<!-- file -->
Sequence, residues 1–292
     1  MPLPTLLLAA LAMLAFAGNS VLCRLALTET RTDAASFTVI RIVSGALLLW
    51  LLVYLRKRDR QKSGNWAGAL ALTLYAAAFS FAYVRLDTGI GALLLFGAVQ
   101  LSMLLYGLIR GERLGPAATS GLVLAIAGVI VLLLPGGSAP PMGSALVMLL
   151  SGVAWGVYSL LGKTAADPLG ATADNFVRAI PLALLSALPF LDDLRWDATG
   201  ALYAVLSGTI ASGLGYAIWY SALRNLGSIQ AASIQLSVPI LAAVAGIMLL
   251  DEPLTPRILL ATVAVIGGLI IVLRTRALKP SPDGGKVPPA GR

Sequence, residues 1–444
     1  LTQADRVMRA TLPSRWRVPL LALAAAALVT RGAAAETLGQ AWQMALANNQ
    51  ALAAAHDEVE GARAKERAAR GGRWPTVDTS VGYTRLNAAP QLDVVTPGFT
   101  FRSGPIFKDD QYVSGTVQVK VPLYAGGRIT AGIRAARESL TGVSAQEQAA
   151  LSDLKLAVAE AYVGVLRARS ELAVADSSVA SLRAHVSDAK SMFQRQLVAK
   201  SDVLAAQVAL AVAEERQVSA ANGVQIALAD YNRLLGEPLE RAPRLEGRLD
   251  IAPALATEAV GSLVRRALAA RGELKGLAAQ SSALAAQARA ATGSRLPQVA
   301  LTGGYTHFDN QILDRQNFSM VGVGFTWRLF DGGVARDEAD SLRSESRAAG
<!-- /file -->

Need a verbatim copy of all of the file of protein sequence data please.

Sequence, residues 1–292
     1  MPLPTLLLAA LAMLAFAGNS VLCRLALTET RTDAASFTVI RIVSGALLLW
    51  LLVYLRKRDR QKSGNWAGAL ALTLYAAAFS FAYVRLDTGI GALLLFGAVQ
   101  LSMLLYGLIR GERLGPAATS GLVLAIAGVI VLLLPGGSAP PMGSALVMLL
   151  SGVAWGVYSL LGKTAADPLG ATADNFVRAI PLALLSALPF LDDLRWDATG
   201  ALYAVLSGTI ASGLGYAIWY SALRNLGSIQ AASIQLSVPI LAAVAGIMLL
   251  DEPLTPRILL ATVAVIGGLI IVLRTRALKP SPDGGKVPPA GR

Sequence, residues 1–444
     1  LTQADRVMRA TLPSRWRVPL LALAAAALVT RGAAAETLGQ AWQMALANNQ
    51  ALAAAHDEVE GARAKERAAR GGRWPTVDTS VGYTRLNAAP QLDVVTPGFT
   101  FRSGPIFKDD QYVSGTVQVK VPLYAGGRIT AGIRAARESL TGVSAQEQAA
   151  LSDLKLAVAE AYVGVLRARS ELAVADSSVA SLRAHVSDAK SMFQRQLVAK
   201  SDVLAAQVAL AVAEERQVSA ANGVQIALAD YNRLLGEPLE RAPRLEGRLD
   251  IAPALATEAV GSLVRRALAA RGELKGLAAQ SSALAAQARA ATGSRLPQVA
   301  LTGGYTHFDN QILDRQNFSM VGVGFTWRLF DGGVARDEAD SLRSESRAAG